QUANTZ WAS A ‘WAIT’
“… his first music lessons, in 1708, were with an uncle who was a town musician in Merseburg.” Duffin, Ross W. (2007). How Equal Temperament Ruined Harmony. Norton, New York. ISBN 13: 978-0-393-06227-9/ISBN 10: 0-393-06227-9.
Having read this I decided to try and find out more from the internet. As expected, there’s a lot of misinterpretation and error to work through, but of certain facts – and conclusion 10 – below we can be reasonably confident:
- Johann Joachim Quantz (1697-1773)
- Quanz’s uncle Johann Justus Quantz was his first teacher from 1708.
- Justus Quanz was a town musician (stadtpfeiffer) in Merseburg.
- Justus Quanz died just three months into Quantz’s apprenticeship.
- Quantz continued his apprenticeship with J.A. Fleischhack [Johann? Ambrosius? Butcher?].
- Apprenticeship completed in 1713, Quantz remained in the service of his master, Fleischhack, until 1716.
- ergo Johann Joachim Quantz was a fully trained stadtpfeiffer in Merseburg 1713-1716.
- In 1716 he moved to Dresden to take up a post as musician there.
- Although some sources state that he was a member of the town band, others call it the town orchestra or the court ensemble. On balance, it seems he was not a stadtpfeiffer in Dresden. However, further research might reveal otherwise.
- We may add Johann Joachim Quantz to the top category in our list of town bandsmen who became, begat or were otherwise related to famous musicians.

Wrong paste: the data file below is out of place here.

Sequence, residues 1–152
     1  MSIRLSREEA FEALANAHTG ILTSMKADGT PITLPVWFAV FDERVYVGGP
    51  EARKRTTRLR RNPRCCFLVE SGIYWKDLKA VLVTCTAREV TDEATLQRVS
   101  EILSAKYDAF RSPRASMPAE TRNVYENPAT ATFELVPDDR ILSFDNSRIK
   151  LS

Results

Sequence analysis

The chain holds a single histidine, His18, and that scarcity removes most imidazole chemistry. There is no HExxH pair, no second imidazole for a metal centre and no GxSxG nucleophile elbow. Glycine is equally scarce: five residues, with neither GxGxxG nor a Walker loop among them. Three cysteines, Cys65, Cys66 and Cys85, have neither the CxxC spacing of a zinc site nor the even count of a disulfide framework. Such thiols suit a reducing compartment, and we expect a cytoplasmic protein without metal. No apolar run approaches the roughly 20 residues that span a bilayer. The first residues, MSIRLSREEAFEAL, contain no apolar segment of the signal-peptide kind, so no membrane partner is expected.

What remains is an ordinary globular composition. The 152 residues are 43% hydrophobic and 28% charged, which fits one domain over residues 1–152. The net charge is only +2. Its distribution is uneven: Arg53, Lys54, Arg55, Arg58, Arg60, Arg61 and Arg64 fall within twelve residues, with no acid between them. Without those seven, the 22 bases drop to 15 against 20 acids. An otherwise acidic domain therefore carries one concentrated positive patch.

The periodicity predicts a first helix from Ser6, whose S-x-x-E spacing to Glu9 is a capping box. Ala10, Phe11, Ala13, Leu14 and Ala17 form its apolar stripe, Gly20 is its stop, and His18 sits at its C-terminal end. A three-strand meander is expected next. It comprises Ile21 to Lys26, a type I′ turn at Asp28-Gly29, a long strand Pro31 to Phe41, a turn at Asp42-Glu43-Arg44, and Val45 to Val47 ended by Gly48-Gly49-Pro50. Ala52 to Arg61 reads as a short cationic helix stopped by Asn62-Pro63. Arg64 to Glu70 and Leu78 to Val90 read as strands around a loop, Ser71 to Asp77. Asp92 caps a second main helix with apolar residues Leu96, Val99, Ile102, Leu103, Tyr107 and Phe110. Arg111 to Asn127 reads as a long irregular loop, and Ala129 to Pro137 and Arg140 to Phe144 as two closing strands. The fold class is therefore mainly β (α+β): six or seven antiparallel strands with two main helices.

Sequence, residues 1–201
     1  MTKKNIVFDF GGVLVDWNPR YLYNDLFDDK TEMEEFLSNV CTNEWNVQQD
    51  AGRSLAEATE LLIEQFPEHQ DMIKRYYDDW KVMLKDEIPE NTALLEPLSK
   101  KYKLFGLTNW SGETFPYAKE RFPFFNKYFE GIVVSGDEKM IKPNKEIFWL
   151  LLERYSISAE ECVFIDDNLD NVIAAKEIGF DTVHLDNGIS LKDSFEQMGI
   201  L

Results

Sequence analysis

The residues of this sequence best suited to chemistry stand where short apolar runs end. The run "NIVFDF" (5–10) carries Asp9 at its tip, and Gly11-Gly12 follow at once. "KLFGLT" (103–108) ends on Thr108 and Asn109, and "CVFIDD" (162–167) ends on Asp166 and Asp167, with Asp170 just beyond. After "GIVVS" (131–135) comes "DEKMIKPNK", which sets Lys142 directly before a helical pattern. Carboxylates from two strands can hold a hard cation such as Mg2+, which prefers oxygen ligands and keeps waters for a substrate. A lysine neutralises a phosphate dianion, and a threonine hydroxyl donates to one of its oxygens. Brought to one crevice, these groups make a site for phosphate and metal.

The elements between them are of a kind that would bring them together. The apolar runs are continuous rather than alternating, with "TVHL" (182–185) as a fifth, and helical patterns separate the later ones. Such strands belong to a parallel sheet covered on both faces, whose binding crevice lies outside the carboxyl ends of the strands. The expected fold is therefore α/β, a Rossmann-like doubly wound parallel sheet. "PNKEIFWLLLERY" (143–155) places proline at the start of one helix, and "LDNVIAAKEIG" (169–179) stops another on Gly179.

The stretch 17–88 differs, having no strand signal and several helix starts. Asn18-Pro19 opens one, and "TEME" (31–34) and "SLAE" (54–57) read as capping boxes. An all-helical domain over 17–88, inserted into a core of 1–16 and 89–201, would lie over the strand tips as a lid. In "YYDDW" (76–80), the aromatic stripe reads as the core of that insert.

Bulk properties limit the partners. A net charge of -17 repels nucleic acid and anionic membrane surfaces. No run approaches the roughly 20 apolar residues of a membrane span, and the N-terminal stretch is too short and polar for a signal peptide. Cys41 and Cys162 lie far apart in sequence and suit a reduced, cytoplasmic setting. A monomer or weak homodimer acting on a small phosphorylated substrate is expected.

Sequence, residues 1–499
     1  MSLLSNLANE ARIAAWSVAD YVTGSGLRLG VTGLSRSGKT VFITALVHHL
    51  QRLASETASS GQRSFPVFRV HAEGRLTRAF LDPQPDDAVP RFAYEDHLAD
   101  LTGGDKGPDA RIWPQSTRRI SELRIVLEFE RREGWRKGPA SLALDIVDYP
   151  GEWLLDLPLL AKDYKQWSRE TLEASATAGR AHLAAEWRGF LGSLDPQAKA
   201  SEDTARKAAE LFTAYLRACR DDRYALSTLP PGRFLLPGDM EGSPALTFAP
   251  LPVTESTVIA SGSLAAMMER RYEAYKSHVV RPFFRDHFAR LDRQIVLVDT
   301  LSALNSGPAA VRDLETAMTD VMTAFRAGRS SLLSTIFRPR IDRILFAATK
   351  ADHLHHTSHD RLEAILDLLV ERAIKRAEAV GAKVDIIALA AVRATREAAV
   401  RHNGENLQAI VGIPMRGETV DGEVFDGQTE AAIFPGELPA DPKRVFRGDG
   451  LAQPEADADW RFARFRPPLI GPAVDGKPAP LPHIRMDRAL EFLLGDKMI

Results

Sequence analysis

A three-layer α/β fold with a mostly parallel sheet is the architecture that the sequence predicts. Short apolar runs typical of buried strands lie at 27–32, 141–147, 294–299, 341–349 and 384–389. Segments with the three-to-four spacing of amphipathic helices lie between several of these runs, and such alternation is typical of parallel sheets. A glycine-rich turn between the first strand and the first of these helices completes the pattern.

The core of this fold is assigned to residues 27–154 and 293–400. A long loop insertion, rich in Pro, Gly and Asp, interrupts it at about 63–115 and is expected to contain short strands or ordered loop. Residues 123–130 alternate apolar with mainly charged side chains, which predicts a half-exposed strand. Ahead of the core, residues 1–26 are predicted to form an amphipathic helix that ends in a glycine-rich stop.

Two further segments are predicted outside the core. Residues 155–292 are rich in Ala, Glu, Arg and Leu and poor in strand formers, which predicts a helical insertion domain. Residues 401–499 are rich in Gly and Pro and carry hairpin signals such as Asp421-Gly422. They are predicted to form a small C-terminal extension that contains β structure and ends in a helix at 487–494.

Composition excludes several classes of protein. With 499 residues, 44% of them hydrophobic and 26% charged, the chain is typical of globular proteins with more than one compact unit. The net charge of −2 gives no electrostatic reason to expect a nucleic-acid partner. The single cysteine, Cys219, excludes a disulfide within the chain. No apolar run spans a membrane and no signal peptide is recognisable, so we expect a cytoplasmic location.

James Merryweather, 9 April 2007
Quantz was one of the first professional flute players in 18th-century Europe. He began as a town musician, trained to play all instruments, but after gaining a post as an oboist in the presitgious Dresden court ensemble, he began to specialise in the flute in 1719. he traveled to Italy, France, and England to broaden his musical education, then returned to Dresden. In 1741 he entered the service of Frederick the Great of Prussia, where he remained until his death, composing, performing, and making flutes for the king. His Essay on flute-playing (1752) made his famous throughout Europe and attracted pupils who formed a “school” of flute-playing which remained influential for another hundred years.
German source for most of what we know today about French performance practice, particularly the French overture style, Quantz is remembered also as the flute teacher of Frederick the Great. Student of Fux, Gasparini, and Zelenka, Quantz began his career as member of the Dresden orchestra in 1716. Two years later he became member of the royal Polish orchestra. In 1728 Quantz began instructing crown prince Frederick. When the latter ascended to the throne of Prussia, Quantz was appointed Hofmusicus and composer to the king. Quantz wrote mainly concerti for flute; he is also remembered for his Versuch einer Anweisung, die Flöte traversière zu spielen (1751), an important commentary on technique, ornamentation, and performance practice.
Flutist and composer. He was apprenticed to his uncle Justus Quantz and served J. A. Fleischhack as a journeyman until 1716, studying many string and wind instruments and taking harpsichord lessons from Kiesewetter. He joined the Dresden town band in 1716, studied counterpoint in Vienna under Jan Dismas Zelenka the following year, and in 1718 was appointed oboist in the Polish chapel of Augustus II; he also continued to play in Dresden. Finding little opportunity for advancement as an oboist, he took up the flute, studying for four months with P. G. Buffardin.